is published in the journal PLOS One.
"Soil management may help stabilize maize yield in the face of climate change."
ScienceDaily, 20 September 2016.
Soil management may help stabilize maize yield in the face of climate change.
"Soil management may help stabilize maize yield in the face of climate change."

Basic microbiology research study unexpectedly uncovers practical findings for growers

Basic microbiology research study unexpectedly uncovers practical findings for growers.
Cover cropping also has its risks, especially if dying cover crops encourage disease pressure that passes on to the next crop.
Such is the unexpected lesson behind a recent study published in Phytobiomes, a new open-access journal of The American Phytopathological Society.
In this recently-published article, titled "Isolation of Cultivation-Resistant Oomycetes, First Detected as Amplicon Sequences, from Roots of Herbicide-Terminated Winter Rye," Dr. Matthew G. Bakker and several other researchers at the U.S. Department of Agriculture’s Agricultural Research Service set out to describe the microbiology of dying rye cover crop roots and how their microbial communities changed over time in a field setting.
Among the many microorganisms detected, they found that several less-known species of oomycetes, including Pythium and Lagena species, were commonly associated with cereal rye cover crops.
While this research was originally meant to be basic, the study unexpectedly turned out to have some very practical findings.
In addition to describing and validating the microbiology of these rye cover crop roots, their work revealed that the Pythium species naturally passed on to the corn plants as they sprouted into seedlings, resulting in seedling disease.
"This study tells a neat story about how new research techniques can lead to unpredictable findings with important and practical applications," said Bakker.
"Another interesting aspect of this study was that the most abundant species of Pythium in the cover crop roots was different on one side of the field than on the other.
Other benefits of this study include… An improved understanding of the microbiology of dying plants in natural and managed ecosystems The demonstrated importance of using DNA technology to help detect the microbial communities associated with crops, as microorganisms can be difficult to cultivate in the laboratory An improved understanding of the ecology of oomycetes — and of the potential for shared pathogens between cover crops and grain crops Bakker hopes this and similar work will spark more research in root-soil dynamics.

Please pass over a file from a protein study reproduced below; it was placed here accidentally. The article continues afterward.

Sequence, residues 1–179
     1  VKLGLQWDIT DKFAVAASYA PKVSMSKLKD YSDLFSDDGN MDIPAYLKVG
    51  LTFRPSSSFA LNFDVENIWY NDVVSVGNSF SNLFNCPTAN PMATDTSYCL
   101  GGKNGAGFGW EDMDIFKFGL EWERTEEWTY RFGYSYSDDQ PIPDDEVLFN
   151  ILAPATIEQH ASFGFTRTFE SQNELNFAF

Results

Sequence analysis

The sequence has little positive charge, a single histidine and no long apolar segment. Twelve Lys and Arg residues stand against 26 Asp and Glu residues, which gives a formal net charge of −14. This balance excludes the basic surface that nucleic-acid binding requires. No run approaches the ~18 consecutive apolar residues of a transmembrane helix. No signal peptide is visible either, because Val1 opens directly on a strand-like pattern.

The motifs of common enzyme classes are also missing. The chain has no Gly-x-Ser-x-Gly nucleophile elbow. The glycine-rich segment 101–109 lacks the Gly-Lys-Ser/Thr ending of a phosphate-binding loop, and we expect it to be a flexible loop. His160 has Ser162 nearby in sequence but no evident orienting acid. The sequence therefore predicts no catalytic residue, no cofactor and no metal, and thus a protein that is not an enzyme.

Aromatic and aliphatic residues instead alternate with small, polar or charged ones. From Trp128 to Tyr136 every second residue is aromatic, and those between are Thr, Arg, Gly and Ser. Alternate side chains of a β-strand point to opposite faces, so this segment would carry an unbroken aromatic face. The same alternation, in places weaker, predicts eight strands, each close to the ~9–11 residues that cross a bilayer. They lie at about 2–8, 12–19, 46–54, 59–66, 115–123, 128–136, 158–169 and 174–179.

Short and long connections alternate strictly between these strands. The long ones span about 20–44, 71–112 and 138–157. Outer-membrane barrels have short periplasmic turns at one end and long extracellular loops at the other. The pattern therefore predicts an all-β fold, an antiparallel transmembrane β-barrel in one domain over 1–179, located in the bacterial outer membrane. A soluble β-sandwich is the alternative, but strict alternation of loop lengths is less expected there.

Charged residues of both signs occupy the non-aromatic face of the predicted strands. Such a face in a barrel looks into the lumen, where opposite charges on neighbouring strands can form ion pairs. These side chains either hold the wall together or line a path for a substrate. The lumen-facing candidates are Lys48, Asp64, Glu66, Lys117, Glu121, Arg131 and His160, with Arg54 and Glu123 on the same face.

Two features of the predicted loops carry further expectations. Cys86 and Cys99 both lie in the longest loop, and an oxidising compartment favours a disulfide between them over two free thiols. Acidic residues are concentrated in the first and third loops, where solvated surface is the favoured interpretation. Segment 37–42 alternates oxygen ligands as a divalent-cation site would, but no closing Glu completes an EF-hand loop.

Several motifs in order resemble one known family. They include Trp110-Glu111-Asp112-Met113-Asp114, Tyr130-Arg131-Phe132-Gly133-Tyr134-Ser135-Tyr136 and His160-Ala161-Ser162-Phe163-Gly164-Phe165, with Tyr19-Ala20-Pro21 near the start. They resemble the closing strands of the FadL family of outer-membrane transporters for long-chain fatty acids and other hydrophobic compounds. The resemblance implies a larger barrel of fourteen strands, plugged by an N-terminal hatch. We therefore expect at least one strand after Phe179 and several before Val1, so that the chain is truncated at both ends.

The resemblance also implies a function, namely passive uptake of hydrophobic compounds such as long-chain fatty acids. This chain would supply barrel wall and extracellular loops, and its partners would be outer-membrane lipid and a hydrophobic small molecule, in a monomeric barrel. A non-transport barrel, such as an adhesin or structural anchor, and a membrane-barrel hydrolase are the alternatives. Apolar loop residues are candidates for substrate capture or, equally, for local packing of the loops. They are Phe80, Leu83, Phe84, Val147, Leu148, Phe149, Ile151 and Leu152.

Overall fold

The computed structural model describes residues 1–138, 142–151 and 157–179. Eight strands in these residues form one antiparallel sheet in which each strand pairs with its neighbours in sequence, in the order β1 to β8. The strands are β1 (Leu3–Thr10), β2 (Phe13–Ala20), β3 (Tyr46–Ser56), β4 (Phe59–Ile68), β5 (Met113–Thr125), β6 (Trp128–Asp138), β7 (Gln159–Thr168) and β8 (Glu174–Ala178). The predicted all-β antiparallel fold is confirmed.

Snap beans hard to grow in cover crop residue

Snap beans hard to grow in cover crop residue.
"We designed a study to look at a scenario that had a better chance of success.
We used snap bean, which is relatively large-seeded, and planted later to allow sufficient time to grow and then kill a cover crop."
In both Illinois and Washington, Williams and USDA-ARS agronomist Rick Boydston grew vetch, rye, and a combination of the two cover crops before killing them with a roller-crimper — a machine that evenly flattens and crimps standing plant biomass — or with a combination of the roller-crimper and a burndown herbicide.
Instead, vetch became weedy and caused yield losses in snap bean.
"Another issue was adequate seed-to-soil contact, which can become a challenge with excessive plant residues on the soil surface.
No-till snap bean performance and weed response following rye and vetch cover crops.
"Snap beans hard to grow in cover crop residue."
University of Illinois College of Agricultural, Consumer and Environmental Sciences.
"Snap beans hard to grow in cover crop residue."